18. 18. Key findings 4. Women’s decision-making power: – CFPR-TUP decreased women’s voice in a range of decisions • Women’s decision-making over their own income, purchases for themselves, and household budgeting was significantly reduced • Men’s voice in household decisions was significantly increased • Consistent with women’s reduced mobility, leading to reduced access to markets
  19. 19. Key findings Women’s control over their own income is decreased Treatment impact on whether the main female works and Keeps all of the income earned -0.077*** (0.015) Keeps any of the income earned -0.044** (0.019) Keeps none of the income earned 0.053*** (0.014)
  20. 20. Key findings Women’s control over purchases is decreased Treatment impact on whether the woman herself controls the money needed to buy… Food from the market -0.151*** (0.017) Clothes for herself -0.120*** (0.018) Medicine for herself -0.153*** (0.017) Cosmetics for herself -0.068*** (0.019)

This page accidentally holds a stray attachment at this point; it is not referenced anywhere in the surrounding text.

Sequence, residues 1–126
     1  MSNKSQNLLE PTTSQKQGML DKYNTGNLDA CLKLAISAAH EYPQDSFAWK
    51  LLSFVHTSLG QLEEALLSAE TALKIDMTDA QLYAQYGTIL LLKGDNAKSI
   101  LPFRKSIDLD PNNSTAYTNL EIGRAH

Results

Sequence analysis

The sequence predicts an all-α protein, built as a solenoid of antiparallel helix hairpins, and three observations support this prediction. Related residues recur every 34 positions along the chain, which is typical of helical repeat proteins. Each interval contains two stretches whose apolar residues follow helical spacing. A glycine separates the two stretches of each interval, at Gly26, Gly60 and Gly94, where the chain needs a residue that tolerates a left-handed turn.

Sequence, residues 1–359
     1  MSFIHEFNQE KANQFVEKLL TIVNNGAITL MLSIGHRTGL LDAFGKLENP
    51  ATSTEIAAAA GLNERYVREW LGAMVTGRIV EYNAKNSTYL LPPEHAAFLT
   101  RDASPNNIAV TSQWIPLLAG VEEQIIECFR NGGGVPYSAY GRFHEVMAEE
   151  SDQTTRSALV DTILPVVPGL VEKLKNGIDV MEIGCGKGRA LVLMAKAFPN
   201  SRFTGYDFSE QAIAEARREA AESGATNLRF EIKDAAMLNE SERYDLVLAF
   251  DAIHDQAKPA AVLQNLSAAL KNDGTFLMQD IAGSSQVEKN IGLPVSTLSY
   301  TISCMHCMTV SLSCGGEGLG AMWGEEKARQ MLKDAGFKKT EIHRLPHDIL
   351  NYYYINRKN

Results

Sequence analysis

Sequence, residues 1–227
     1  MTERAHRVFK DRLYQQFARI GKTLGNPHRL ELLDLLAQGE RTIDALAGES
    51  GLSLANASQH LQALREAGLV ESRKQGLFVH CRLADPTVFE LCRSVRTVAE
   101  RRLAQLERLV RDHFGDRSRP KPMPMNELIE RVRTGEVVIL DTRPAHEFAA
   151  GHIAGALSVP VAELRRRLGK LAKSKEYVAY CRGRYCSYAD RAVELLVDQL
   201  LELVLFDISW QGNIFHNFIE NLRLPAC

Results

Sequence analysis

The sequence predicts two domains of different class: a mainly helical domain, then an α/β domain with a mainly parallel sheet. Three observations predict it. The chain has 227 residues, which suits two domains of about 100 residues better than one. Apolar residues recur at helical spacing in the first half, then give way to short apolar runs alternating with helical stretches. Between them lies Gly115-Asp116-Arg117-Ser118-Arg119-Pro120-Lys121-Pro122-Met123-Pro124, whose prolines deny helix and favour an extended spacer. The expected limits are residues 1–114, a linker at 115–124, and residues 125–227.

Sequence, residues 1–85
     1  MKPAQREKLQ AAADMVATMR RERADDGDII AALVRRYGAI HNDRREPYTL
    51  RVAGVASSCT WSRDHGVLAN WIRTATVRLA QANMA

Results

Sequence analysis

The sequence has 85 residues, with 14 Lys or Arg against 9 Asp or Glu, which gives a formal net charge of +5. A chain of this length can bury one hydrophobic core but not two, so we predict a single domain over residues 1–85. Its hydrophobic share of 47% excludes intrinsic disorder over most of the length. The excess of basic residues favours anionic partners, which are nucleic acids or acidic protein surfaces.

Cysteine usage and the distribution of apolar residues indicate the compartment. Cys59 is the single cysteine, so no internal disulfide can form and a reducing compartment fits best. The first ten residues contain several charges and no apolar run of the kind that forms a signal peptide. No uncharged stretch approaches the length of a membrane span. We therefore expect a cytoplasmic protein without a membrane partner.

21. 21. Key findings Women’s voice in household saving/spending decisions is decreased, while husband’s sole voice is increased Treatment impact on whether [WHO DECIDES] [DECISION] She solely She has any voice Her husband solely She and her decides in deciding decides husband jointly decide How much to save -0.106*** -0.000 0.002 0.123*** (0.015) (0.008) (0.008) (0.016) -0.130*** -0.030** 0.030** 0.098*** (0.015) (0.015) (0.015) (0.016) -0.126*** -0.050*** 0.050*** 0.078*** (0.014) (0.015) (0.015) (0.016) -0.124*** -0.051*** 0.051*** 0.079*** (0.014) (0.015) (0.015) (0.016) How much to spend on… Food Housing Health care
  22. 22. Conclusions and implications Summary of key findings: – CFPR-TUP increased asset ownership at household level – In terms of “tangibles,” mixed effects on targeted women : • Increased women’s ownership and control over transferred livestock • However, greater increase in men’s sole ownership over other forms of new investment in assets • Reduced women’s mobility outside the home due to transferred asset requiring maintenance inside the homestead • Reduced women’s voice in a range of decisions